What would you do differently to what you do now?
Who inspires you and why?
I am extremely lucky to have people around me – friends and colleagues – who are driven by an utterly imperturbable vision for their own work: stage director Adena Jacobs, my husband Peter Godfrey-Smith, who is a philosopher, the team at Sydney Chamber Opera, composer John Zorn, Jeff Gavett of New York’s Ekmeles…. The admirable single-mindedness of these people exerts an influence I think of as very good: they encourage me to reflect on what it is I want to be doing with my work, and to then just get on with it and do it. They’re wonderful people to be around.
What would you do to make a difference in the world?
I’m confident that by being involved in creating art you can make a difference in a deep way, though this is not a very popular idea in our culture. Its effects are harder to measure than other contributions, but they’re just as real, I’m certain. If I ever found myself with lots of spare cash I’d use some to support a young artist/artists, and the rest to support ocean conservation.
Favourite holiday destination and why?
Joshua Tree National Park in California in spring when the desert wildflowers are blooming. It’s hot, the beautiful, alien landscape is like nowhere else, and there’s a wonderful drive-in cinema nearby.
When friends come to town, what attraction would you take then to, and why?
I always tell visitors to get the Manly ferry and go snorkeling at Fairy Bower; go to the MCA; and check out what’s on at Carriageworks.
What are you currently reading?
Andrew Ford’s Earth Dances: Music in Search of the Primitive.
What are you currently listening to?
Bjork’s Vulnicura, Bombino, Cyrus Meurant’s Seul, Marc Maron’s WTF Podcast, and Meet the Composer on New York’s Q2 Music.
Complicated, but I think you can get a considerable amount of happiness from working out, or simply deciding, that there’s a point to what you’re doing in life.
What does the future hold for you?
I’m about to sing in a wonderful program of folk music arrangements with Zephyr Quartet; then performances with Omega Ensemble of works by Mahler, Mark Isaacs, and Paul Stanhope; I’m learning Helmut Lachenmann’s amazing Got Lost for shows in Sydney and London with pianist Zubin Kanga; and in August I go into production rehearsals for Romitelli’s An Index of Metals with Sydney Chamber Opera.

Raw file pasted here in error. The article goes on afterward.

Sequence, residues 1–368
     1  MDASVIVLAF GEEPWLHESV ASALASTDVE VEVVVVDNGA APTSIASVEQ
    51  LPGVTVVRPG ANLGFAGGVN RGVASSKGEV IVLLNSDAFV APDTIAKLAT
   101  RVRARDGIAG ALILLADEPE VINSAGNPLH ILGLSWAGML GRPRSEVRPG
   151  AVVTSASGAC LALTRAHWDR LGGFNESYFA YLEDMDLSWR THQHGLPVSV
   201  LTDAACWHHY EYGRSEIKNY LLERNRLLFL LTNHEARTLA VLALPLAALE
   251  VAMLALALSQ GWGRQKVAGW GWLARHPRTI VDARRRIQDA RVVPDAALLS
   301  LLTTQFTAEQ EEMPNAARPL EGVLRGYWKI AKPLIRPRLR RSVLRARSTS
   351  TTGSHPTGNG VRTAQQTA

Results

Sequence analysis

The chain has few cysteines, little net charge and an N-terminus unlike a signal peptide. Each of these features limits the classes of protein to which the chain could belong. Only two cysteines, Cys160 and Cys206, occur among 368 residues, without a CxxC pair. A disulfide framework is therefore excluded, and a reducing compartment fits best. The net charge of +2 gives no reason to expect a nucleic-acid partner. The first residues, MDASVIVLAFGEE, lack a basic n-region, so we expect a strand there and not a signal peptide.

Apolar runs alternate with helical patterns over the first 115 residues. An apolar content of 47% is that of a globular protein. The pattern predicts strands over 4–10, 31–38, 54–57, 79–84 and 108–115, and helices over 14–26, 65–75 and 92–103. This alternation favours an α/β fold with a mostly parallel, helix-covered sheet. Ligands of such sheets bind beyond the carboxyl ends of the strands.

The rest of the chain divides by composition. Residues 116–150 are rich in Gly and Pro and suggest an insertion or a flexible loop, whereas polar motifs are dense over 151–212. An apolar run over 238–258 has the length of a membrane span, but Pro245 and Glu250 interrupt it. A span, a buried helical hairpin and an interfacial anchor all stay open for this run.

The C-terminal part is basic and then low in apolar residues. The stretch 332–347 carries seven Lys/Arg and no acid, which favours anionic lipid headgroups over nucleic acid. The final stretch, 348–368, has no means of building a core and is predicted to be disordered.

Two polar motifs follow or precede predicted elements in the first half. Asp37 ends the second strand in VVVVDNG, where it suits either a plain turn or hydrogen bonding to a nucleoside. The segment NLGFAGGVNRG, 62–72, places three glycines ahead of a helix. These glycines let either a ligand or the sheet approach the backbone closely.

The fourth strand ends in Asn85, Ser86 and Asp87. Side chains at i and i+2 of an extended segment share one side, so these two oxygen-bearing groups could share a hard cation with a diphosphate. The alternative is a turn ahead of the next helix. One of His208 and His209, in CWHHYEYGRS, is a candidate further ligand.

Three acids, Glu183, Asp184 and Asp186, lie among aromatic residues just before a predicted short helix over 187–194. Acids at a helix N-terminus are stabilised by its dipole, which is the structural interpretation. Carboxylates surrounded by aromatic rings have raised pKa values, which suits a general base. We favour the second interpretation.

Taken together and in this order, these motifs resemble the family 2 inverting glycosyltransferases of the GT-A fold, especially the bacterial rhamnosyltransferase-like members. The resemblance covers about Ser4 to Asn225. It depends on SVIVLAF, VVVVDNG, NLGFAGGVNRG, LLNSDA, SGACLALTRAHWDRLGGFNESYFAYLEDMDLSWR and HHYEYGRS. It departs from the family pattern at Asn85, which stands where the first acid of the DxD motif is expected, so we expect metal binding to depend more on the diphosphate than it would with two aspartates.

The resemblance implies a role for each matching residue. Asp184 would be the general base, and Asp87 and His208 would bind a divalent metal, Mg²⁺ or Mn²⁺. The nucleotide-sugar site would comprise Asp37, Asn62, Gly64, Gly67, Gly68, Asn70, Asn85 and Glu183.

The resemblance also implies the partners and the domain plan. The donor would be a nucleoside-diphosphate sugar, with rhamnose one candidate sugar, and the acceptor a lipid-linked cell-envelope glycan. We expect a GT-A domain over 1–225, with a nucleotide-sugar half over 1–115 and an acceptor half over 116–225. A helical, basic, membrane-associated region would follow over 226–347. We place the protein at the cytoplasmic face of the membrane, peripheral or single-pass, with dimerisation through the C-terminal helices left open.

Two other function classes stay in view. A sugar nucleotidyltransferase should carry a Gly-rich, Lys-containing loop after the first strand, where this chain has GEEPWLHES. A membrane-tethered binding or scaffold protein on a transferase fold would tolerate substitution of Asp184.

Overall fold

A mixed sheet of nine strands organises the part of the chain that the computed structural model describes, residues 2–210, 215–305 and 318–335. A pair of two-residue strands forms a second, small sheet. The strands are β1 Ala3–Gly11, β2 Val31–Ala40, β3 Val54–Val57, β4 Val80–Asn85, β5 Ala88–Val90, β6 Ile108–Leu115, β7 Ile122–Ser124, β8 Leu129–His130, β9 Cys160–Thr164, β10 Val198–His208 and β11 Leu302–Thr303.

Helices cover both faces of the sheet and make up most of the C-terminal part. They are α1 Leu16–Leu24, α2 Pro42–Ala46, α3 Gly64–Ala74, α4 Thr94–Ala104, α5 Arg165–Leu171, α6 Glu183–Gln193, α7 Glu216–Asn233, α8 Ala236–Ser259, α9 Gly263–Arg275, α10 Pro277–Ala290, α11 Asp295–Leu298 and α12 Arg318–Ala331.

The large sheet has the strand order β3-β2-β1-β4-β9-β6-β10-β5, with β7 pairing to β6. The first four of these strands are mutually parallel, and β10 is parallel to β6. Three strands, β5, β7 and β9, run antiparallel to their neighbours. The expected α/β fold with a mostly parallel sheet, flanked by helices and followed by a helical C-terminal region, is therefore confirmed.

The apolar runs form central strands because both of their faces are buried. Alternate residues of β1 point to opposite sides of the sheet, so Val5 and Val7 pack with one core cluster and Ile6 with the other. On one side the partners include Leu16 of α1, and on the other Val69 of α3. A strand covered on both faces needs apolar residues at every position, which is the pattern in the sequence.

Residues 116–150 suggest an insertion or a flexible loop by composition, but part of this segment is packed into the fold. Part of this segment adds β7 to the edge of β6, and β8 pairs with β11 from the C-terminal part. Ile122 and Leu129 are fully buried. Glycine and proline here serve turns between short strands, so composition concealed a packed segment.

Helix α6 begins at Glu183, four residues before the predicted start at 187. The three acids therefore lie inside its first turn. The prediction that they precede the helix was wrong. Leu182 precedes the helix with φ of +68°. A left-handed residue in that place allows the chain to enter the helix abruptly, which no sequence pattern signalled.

Praised by the New York Times for singing “sublimely” and described as “superb, with a voice of penetrating beauty, precision and variegated colours” (Sydney Morning Herald), New York-based Australian soprano Jane Sheldon has sung under the direction of William Christie, Charles Dutoit, Antony Walker, and Reinbert de Leeuw.
Specialising in early music and active in the creation and performance of new works, she has performed with the London Philharmonic Orchestra, Pinchgut Opera, Boston Camerata, Halcyon, and the Australian Brandenburg Orchestra.
Jane is also a member of the acclaimed touring ensemble for composer John Zorn and has performed his music throughout the world. In New York she works with Wet Ink, Talea, and Ekmeles, and appeared in New York City Opera’s 2012 Vox Festival and the 2014 MATA Festival.
In 2011 Jane was awarded Performance of the Year with Ensemble Offspring at the Australian Art Music Awards for The Origin Cycle – a work she co-commissioned. Her most recent album, North + South was nominated for a 2013 ARIA Award for Best Classical Album.
Upcoming engagements include Stockhausen’s Stimmung with Ekmeles, New York’s Resonant Bodies Festival of contemporary and experimental vocal music, and the world premiere of John Zorn’s Madrigals: Book II in Milan.
Jane will be appearing with the Zephyr Quartet in Música Anonymous at the Utzon Room, Sydney Opera House (17 June); Elder Hall, Adelaide University (19 June); and the Beckett Theatre, Malthouse Theatre (20 June). For more information, visit: www.zephyrquartet.com for details.
Image: Jane Sheldon